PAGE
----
I’ve been riding two-wheeled motorized vehicles for most of my life.
As kids, we stood milk crates on end, fit wheels on the bottom connected up to lawn mower engines braced inside, and putted around local country lanes until the contraptions fell apart.
When my wife and I first married we couldn’t afford to keep two cars, so we bought a used, street-legal Suzuki 185cc dirt bike. When one of us needed the car, the other took the bike. Cheap, reliable, economical transportation.
Years later, perhaps experiencing a second childhood, I purchased an older, gently used Honda CB500. After riding that more powerful machine for a couple of years though, I realized two things. First of all, I’d never learned to ride a motorcycle slowly. The object of the exercise seemed to be to run up through the gears as quickly as I could in order to go as fast as I could until I had to stop, then start the process all over again. Secondly, as I approached 50 years of age, my reflexes weren’t keeping up with my right wrist. (For those of you who don’t understand that reference, a motorcyclists’ right wrist is the one that twists the throttle.) A dangerous combination.
So, just as I’d given away the Suzuki to the son of a friend years before after we’d purchased our second car, I gave the Honda away to a neighbor boy after I realized that I wasn’t suicidal.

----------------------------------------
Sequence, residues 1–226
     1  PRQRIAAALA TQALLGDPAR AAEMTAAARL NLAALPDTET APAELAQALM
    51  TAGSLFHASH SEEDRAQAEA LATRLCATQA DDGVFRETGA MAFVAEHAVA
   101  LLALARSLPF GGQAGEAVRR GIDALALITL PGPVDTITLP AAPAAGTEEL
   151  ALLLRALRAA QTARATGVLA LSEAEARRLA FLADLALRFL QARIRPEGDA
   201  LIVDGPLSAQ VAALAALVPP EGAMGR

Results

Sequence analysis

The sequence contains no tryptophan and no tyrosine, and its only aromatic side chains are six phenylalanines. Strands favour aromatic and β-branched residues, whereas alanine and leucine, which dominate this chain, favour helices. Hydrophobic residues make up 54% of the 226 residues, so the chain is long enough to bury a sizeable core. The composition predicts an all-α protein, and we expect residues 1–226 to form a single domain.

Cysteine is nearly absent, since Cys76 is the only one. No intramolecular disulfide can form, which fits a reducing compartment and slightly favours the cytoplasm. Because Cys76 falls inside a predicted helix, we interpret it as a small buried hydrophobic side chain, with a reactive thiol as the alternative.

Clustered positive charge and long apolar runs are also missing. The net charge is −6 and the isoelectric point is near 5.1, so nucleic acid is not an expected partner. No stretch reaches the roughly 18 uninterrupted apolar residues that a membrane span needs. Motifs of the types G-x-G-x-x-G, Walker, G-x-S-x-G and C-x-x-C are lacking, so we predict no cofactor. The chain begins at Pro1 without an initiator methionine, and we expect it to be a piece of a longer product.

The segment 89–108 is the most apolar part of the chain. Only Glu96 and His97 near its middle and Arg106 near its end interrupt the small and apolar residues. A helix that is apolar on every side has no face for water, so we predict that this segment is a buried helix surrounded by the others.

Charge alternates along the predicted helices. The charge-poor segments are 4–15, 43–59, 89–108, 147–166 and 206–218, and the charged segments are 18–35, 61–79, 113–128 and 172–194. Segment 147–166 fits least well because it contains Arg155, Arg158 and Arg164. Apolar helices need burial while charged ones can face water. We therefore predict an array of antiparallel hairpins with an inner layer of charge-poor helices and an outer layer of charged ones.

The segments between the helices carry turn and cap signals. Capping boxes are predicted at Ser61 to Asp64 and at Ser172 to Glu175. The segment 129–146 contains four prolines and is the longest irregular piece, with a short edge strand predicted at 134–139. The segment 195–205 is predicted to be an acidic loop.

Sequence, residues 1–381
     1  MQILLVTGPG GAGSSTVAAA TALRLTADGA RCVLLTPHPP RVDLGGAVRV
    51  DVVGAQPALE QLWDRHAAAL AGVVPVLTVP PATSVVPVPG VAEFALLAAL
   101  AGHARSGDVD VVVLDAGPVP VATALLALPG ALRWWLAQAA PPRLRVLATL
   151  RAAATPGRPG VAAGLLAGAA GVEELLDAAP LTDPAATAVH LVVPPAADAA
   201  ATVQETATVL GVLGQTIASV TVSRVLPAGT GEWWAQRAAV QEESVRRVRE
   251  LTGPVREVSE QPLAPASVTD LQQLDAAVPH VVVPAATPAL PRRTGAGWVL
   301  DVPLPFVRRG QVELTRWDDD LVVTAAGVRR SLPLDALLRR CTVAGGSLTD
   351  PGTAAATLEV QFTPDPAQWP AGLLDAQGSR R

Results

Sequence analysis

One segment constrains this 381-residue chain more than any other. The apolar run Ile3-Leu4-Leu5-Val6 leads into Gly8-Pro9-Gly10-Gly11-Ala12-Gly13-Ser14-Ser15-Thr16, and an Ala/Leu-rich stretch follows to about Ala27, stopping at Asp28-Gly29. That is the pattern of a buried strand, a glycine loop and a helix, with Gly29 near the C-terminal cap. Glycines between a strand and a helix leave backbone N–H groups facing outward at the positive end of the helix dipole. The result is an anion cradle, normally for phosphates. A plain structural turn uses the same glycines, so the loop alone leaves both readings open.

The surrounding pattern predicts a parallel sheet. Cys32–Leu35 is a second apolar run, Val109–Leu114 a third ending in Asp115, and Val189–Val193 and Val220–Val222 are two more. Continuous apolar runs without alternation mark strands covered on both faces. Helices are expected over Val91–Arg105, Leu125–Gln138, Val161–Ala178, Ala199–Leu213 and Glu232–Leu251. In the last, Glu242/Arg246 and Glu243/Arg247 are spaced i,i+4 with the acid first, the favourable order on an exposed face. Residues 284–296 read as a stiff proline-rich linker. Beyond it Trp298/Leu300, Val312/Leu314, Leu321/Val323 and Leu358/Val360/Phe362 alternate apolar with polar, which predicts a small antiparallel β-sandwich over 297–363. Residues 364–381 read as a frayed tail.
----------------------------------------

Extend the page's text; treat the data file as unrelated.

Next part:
In the spring of 2008, when the price of gasoline approached $4.00 a gallon, my third childhood kicked in. I went looking for a motorcycle. I found a motor scooter…to be exact, a Chinese-manufactured 150cc machine manufactured in the Shanghai JMStar factory with the model name Zeus. (The more clear-eyed of you will note the word Alpha on the side of my scoot. The factory called it a Zeus, the importer labeled it an Alpha. Who knows what causes humans to name their machines as they do?) It was light, cute, and peppy. It was cheap - $1,500. It would reach 55 miles per hour with relative ease. It would get 70 miles per gallon or more.
I was hooked.
My scooter became my chief form of transportation as well as my passionate hobby. Who knew? And who knew that there were scores of us in the Lehigh Valley, tens of thousands of us in the USofA, perhaps millions of folks throughout the English-speaking world who were similarly afflicted? We meet on the internet. We talk about our scooters, our jobs, our families, our lives. We trade jokes and funny videos. We become cyberfriends who are as real to each other as our old school chums, more real because we are brought together by common interest rather than by accident of proximity.
More about scoots in general and my scoot in particular in Part II.